Life Cycle of an Emperor Penguin: Lesson for Kids

Instructor: Diane Sieverson

Diane has taught all subjects at the elementary level, was the principal of a K-8 private school and has a master's degree in Measurement and Evaluation.

Emperor penguins are the largest of all penguins, but they start out as little eggs. Come learn about their life cycle, how it begins and how they go from a small egg to a big, flightless bird.

Understanding a Life Cycle

Imagine climbing into a tree and discovering a nest with eggs. You wonder what kind of bird will hatch from those shells and decide to leave them alone so that the mother and father birds can take care of them.

Although emperor penguins live in Antarctica and not your backyard, they have a life cycle, or stages they go through from an egg to a chick and finally an adult, just like the birds you see every day.

The Emperor's Eggs

When you think of the month of April, you probably think of the spring, but it's fall in Antarctica. And that's when the ice is thick and strong enough to hold all of the emperor penguins that come out of the water and onto the ice when it's time to mate and lay eggs.

The mother penguin only lays one egg and then leaves it with the father penguin, just like on a tag team. Around May or June, she goes on a long hunting trip in the ocean, just the way your mom might go to the grocery store, except that the mother penguin is gone for about two months!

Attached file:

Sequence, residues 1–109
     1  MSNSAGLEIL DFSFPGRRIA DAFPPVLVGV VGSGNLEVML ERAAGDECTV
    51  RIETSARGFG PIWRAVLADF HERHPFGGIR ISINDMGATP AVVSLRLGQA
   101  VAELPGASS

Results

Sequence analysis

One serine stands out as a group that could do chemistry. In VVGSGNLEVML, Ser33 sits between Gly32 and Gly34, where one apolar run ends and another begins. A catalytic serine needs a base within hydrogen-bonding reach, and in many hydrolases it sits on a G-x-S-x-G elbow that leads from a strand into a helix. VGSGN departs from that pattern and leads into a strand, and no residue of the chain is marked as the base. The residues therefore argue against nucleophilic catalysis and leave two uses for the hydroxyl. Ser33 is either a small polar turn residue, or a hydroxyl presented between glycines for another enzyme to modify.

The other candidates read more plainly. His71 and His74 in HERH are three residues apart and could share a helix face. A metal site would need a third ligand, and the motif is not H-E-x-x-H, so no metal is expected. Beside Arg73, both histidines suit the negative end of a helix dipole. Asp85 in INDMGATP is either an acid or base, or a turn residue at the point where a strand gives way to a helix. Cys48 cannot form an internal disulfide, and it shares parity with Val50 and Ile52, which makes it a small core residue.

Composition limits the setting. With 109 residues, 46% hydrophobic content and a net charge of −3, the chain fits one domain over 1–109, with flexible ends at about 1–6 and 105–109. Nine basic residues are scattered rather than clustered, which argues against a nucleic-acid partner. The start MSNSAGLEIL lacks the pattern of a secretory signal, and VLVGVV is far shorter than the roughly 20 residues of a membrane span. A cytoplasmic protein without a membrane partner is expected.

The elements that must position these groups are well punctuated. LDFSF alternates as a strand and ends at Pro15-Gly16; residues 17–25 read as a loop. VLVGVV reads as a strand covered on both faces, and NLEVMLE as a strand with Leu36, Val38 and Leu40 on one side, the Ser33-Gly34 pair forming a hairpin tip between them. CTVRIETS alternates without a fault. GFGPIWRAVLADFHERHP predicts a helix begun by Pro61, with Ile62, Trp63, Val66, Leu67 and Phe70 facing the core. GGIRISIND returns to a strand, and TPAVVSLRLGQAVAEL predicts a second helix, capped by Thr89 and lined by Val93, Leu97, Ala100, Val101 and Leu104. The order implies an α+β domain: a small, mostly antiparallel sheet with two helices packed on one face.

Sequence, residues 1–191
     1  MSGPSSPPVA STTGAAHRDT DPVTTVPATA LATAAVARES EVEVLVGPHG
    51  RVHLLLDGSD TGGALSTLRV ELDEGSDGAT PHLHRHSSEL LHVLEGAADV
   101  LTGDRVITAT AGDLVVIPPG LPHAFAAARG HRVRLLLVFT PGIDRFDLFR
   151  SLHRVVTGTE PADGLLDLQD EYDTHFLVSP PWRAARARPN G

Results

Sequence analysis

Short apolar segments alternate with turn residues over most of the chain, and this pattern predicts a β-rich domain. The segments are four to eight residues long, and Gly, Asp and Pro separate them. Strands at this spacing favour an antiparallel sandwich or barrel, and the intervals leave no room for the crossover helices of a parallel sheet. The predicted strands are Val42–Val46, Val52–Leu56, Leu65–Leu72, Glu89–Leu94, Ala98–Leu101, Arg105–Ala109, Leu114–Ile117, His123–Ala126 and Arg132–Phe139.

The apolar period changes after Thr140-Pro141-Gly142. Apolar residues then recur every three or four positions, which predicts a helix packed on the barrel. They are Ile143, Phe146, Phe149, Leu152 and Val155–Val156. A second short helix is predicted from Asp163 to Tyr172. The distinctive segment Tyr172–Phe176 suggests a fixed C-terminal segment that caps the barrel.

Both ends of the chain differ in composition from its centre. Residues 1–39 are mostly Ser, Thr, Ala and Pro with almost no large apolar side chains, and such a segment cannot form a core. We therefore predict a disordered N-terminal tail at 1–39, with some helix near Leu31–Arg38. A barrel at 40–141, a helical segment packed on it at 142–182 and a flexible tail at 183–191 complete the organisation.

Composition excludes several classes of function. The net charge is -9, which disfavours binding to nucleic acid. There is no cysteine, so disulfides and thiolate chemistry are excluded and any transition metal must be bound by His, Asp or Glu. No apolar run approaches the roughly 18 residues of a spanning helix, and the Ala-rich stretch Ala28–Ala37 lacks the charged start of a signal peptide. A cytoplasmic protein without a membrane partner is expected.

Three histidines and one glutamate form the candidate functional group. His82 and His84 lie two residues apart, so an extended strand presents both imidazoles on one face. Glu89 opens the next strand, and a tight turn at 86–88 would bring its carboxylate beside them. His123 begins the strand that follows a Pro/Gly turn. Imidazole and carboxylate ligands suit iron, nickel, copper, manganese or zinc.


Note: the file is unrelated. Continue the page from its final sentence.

The father penguin keeps the egg warm, or incubates (pronounced INK-you-baits) it, in the cold climate. But he doesn't build a nest like the birds in your tree. He balances the egg on the top of his feet and covers it with a special flap of skin that acts like a blanket. And because he can't go out and find food with an egg on his feet, he doesn't eat for about four months, using his fat to survive!

Baby Chicks

When the mother returns in July, the father gives the newly hatched chick back to her. Now, it's his turn to go out and find some yummy snacks while she babysits.

Emperor penguin chick
Emperor penguin chick

And although you probably prefer to chew your own food, the mother penguin spits up food stored in her stomach to feed her little chick, which weighs less than half a pound. That's less than a full soda can!

Emperor chick eating
Emperor chick eating2

She also keeps it warm in her skin flap since the chick is only covered with a thin, fluffy layer of soft feathers. Eventually, the chick grows a thicker layer of soft feathers and gets big enough to stand on the ice by itself.

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